The United Nations is aiming to contain the spread of HIV by the year 2030. Africa is in the midst of an HIV epidemic, the epicentre of which is contained in the southeastern region of the continent, around countries including South Africa, Botswana and offshore Mozambique. Infection and fatality rates are declining slowly as organisations step up healthcare efforts, but a recent report from the United Nations’ AIDS agency identified a $5.4billion shortfall in funding.
A new study published in scientific journal Nature could help health organisations create a more direct approach to tackling the disease, allowing authorities to adapt to the current funding shortfall.
A selection of maps drawn up by researchers with the University of Washington-Seattle’s Institute for Health Metrics and Evaluation have identified the most intense areas of infection in Africa.
Researchers split the continent into a grid of squares covering 9.6 square miles each.
The maps reduce the HIV epidemic to a mosaic of data which clearly identifies HIV hotspots on the continent.
Findings from the study indicate HIV is very heavily concentrated in small pockets over the south of the continent.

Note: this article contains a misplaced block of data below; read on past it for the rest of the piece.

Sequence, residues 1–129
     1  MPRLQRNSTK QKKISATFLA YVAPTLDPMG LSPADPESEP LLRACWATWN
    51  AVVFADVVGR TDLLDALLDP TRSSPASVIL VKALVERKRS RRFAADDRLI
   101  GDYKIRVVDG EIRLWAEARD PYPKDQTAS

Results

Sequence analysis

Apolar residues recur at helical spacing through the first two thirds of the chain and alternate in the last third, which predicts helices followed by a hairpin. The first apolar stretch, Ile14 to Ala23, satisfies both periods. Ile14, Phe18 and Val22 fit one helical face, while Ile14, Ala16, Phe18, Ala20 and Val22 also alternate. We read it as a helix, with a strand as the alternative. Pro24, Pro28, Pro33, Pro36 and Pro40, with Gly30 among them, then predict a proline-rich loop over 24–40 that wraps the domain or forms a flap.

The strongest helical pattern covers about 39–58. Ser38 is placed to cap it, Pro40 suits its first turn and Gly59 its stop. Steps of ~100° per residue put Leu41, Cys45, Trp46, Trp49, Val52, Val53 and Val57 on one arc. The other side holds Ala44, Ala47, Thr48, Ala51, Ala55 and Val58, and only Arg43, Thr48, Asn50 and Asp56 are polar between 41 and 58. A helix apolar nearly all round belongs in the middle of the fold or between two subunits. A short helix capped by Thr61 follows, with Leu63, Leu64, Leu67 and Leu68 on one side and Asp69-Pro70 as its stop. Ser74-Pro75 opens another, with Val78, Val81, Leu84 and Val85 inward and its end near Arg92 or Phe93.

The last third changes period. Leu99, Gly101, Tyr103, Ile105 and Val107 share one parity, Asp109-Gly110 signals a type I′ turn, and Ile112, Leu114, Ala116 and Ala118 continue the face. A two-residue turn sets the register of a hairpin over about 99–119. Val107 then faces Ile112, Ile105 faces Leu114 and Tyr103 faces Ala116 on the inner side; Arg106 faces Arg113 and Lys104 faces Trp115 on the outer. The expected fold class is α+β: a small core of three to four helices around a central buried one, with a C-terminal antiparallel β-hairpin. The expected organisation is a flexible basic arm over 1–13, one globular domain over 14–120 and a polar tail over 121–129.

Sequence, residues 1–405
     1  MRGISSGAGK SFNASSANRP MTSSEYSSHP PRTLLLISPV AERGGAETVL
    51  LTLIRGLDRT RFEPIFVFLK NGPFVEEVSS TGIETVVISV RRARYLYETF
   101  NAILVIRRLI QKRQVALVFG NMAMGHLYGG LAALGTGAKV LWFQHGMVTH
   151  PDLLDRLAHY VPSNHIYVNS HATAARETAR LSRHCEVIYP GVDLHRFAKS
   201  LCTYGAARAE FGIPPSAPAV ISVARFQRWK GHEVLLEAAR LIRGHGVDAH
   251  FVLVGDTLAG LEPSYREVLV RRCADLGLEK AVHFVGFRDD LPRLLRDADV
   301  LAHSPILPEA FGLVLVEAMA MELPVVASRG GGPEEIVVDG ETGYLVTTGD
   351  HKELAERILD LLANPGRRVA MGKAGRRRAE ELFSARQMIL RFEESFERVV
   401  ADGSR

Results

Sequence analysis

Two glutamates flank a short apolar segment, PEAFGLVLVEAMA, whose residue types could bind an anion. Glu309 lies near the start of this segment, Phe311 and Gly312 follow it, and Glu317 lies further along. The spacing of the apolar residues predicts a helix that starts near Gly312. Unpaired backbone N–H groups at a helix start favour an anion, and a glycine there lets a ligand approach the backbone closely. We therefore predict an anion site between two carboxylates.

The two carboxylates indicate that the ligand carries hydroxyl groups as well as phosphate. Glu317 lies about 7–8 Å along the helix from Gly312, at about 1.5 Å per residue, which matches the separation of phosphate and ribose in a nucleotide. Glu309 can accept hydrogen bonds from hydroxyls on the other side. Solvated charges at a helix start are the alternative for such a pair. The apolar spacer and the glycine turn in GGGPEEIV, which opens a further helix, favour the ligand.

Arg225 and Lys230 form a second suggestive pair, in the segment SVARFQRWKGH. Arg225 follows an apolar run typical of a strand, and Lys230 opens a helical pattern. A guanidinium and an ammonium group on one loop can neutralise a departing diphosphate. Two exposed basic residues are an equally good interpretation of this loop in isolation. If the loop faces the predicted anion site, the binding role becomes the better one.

The disease is contained mainly around Zimbabwe, Lesotho, and South Africa.
While this builds a worrying picture for Africa’s southern nations, it is good news for health officials.
With the very clear concentration variations in each region, researchers can now ask how the epidemic might be approached on a regional basis.
The study’s authors said: “Our analysis highlights several challenges to bringing HIV infection under control in Africa.
“Growing population size coupled with a continued high incidence of new HIV infections and increased life expectancy among people living with HIV has led to an increase in the number of people living with HIV in sub-Saharan Africa since 2000.
“Despite this increase, spending on HIV in sub-Saharan Africa has declined in recent years, largely as a result of a reduction in development assistance for health.
“Despite progress in recent decades, HIV continues to impose a substantial health burden on countries in sub-Saharan Africa.
“Renewed commitment and new tools are required to get the world on track to bring HIV infection under control, in sub-Saharan Africa and globally.”
“Local data on the current prevalence of HIV are such a tool, providing a means to target resources and interventions more efficiently.”
Researchers are already using the data to identify how HIV is spreading through the continent.
Chido Dziva Chikwari, an infectious disease researcher based in Zimbabwe, found a key driver of HIV between high-infection areas of part of Botswana to Zimbabwe’s Matabeleland South province was economic migration.
This kind of localised information will help authorities develop new approaches which could lead them closer to realising the United Nations’ 2030 target.